Thinking of buying a new home and not quite sure what style, size, and property type perfectly suit your needs? There are many choices even amid the single-family home category, and bungalow homes are worth considering when shopping for potential investment properties. These charming homes dominate many neighbourhoods, but there are several architectural styles. Keep reading to learn about some of the most common exterior and interior elements of bungalow-style homes to help decide if this type of abode is the right choice.
History & Stylistic Influences of Bungalows
What is now known as bungalow-style is an adaptation of the single-story huts typical in 19th century India. As the style modernized, the first version most similar to what we see today was constructed in Bengal for English officers during the country's occupation by the British.
These homes were economical, built low to the ground and had wide sheltered porch areas. This layout offered occupants shelter from the hot sun that dominates the region.
Bungalows in North America were first popularized in the United States after World War I, with the predominant architectural style honouring the rise of the American Arts and Crafts movement.
However, throughout the 1920s and 1960s, bungalows became more common throughout Canada. These homes were typically two-bedroom, two-bath structures that favoured the Canadian Arts and Crafts movement.
What Are the Characteristics of the Outside of Bungalows?
Bungalow-style homes have defining characteristics regardless of their design inspiration amid classifications. Bungalows tend to be smaller than most single-family structures and have a Craftsman-inspired layout. Thanks to their compact size, they are ideal for smaller lots, which can put the price point of these homes well within many buyers' budgets.
Natural materials like stone, stucco and wood slatted siding are prevalent in the construction of bungalows. Most contractors and owners are eager to use readily available materials in their region. In Canadian bungalows, brick and cedar exteriors are relatively common.
Bungalows generally boast low-slung sloped rooflines with rafter tails and ridge beams. They may be hipped or gabled and have decorative brackets that showcase roofing materials. The roofs typically have broad, overhanging eaves that create an elongated cover for porches.
The porches of bungalows tend to be generous in size and may be supported by attractive tapered columns or carved wooden pillars. These porches can be partially or wholly enclosed to serve as a screened area or an additional room.
Another feature notable in bungalows is the presence of large windows—particularly in the front—that allow for a flood of natural light. Many attractive designs, shapes, and sizes are suitable for these homes. Most often, dormer windows are located on top floors or attics, while resilient and beneficial casement windows are frequented on the ground floor of bungalows.
What to Expect In the Interior of a Bungalow
Most bungalows have a 1 to 1 1/2-level design and are similar to ranch-style homes in their close-to-the-ground profile and fewer than two storeys. The primary difference in these home types is that ranch properties tend to be more sprawling than traditionally compact bungalows.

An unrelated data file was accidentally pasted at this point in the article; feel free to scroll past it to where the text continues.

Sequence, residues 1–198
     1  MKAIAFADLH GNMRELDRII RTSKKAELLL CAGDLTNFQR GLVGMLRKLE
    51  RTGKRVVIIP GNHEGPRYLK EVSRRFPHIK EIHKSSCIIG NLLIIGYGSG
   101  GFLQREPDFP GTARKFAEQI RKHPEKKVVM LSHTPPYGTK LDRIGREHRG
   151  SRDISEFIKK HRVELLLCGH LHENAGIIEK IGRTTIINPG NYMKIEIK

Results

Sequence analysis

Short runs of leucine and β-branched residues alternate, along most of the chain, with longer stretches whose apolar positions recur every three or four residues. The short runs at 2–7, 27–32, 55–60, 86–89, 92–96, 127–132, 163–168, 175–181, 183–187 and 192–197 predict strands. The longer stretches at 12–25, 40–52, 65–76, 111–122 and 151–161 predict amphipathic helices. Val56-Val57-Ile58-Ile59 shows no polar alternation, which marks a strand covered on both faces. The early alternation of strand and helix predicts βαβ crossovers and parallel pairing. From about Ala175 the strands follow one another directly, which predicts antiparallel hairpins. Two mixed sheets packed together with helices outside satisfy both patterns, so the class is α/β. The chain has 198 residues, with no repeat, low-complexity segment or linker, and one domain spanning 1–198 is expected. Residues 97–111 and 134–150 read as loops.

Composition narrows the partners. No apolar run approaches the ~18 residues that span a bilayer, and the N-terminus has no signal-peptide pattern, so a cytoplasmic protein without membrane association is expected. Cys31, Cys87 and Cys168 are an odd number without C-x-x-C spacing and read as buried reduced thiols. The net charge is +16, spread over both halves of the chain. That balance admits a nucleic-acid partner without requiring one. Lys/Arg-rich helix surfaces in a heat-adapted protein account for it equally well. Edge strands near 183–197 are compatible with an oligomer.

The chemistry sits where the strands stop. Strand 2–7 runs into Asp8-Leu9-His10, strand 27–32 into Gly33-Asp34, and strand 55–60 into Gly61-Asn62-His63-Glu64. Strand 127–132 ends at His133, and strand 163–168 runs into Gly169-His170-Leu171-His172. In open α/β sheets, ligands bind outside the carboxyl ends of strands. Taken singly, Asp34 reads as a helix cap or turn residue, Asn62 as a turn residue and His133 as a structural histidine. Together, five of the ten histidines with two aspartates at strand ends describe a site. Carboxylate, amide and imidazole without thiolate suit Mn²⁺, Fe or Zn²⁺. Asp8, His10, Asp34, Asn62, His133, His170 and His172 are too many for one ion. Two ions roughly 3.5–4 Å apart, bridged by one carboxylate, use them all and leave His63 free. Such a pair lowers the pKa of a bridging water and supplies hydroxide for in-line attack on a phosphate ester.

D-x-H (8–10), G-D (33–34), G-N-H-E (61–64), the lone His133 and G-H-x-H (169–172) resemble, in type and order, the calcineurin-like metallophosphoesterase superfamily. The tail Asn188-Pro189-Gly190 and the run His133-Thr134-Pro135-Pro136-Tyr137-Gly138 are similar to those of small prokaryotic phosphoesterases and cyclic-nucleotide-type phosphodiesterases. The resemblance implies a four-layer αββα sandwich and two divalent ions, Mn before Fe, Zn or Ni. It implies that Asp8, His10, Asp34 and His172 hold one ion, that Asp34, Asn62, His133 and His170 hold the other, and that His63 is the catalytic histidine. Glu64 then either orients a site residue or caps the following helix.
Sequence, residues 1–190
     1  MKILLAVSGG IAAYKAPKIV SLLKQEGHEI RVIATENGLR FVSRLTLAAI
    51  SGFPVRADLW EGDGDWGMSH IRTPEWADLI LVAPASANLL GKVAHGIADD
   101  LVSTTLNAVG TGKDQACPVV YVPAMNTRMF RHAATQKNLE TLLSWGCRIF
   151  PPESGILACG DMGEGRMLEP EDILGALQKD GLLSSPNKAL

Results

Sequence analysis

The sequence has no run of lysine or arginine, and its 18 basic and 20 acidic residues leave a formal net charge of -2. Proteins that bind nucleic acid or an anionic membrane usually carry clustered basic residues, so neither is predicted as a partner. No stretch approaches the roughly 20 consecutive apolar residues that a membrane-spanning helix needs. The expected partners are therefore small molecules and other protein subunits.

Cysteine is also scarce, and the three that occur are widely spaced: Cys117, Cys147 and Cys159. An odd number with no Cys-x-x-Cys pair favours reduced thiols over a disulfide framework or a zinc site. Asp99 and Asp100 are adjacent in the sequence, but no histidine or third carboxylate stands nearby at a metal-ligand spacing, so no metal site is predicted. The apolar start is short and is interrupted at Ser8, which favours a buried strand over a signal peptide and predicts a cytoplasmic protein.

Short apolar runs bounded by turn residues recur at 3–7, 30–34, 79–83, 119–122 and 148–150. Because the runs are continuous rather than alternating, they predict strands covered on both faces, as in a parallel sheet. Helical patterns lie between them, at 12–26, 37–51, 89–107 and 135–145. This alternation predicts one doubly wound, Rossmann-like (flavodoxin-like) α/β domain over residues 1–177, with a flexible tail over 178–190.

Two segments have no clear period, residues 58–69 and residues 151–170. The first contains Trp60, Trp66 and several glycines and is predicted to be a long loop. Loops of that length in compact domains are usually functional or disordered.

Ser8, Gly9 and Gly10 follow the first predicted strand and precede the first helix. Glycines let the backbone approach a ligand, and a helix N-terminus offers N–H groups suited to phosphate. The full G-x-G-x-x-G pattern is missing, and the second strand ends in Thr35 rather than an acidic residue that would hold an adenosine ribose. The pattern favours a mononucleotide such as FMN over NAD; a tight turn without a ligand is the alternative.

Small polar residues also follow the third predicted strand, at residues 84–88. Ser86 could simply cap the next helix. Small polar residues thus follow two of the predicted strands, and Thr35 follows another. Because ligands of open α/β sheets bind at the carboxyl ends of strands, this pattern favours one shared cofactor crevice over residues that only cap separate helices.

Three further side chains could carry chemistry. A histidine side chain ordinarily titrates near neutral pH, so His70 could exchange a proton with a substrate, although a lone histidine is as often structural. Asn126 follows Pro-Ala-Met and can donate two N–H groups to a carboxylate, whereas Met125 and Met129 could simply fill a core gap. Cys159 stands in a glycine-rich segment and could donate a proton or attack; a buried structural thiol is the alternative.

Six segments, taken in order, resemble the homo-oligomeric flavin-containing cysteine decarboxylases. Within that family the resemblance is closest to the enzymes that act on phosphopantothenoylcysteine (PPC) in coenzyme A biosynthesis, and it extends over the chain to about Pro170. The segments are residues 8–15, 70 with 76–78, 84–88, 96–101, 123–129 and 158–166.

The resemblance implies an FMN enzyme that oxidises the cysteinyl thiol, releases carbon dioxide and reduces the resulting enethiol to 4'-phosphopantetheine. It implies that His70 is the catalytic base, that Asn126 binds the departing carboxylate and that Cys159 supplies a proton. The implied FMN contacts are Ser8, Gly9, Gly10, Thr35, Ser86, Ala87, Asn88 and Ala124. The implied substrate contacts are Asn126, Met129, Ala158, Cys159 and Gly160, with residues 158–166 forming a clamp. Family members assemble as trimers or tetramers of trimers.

This makes bungalows a good choice for those looking for a smaller space. However, there are bungalow homes that are also bigger four-bedroom models for larger households. The interiors tend to have open floor plans that make them easy to maintain, and plenty of natural light can also minimize the use of artificial light in the daytime. This abundance of natural light is often an attractive feature when designing a bungalow interior or exterior.
This airy feel is furthered by housing plans that feature rooms that directly connect versus gaining access via hallways. Bungalows are often preferred by those aiming to downsize or enjoy less cluttered spaces.
What Are the Most Appealing Features of Bungalows?
While the coziness of bungalows is appealing to many, other features besides their appearance make them highly desirable. Smaller spaces equate to less housework, and smaller lots mean less exterior cleaning and yard work for owners. Even cleaning gutters, siding, and the roof are simplified due to bungalows being lower to the ground, making maintaining and increasing curb appeal much easier.
Bungalows can be an asset to anyone at any stage of life. Because many of these homes have a single storey, bungalows are excellent for those with limited mobility. Stairless designs can be ideal for households with younger children looking to avoid staircase accidents. In larger bungalows, a second storey can host guests or storage.
Last but not least, these homes tend to cost less to maintain due to their simplistic interior and exterior design and smaller space overall. Thanks to most bungalows' open layout concept design, they also tend to incur lower heating, cooling, and lighting costs.
Bungalows Make for Stylish, Modern Homes
Neighbourhoods with bungalow homes are an excellent choice for many homebuyers. With so many sizes and styles on the market, there are bound to be a few options that might beckon to be called home. Evaluate the pros and cons of bungalow living before making any decisions, and discover what homes might be available in the area you plan to move to.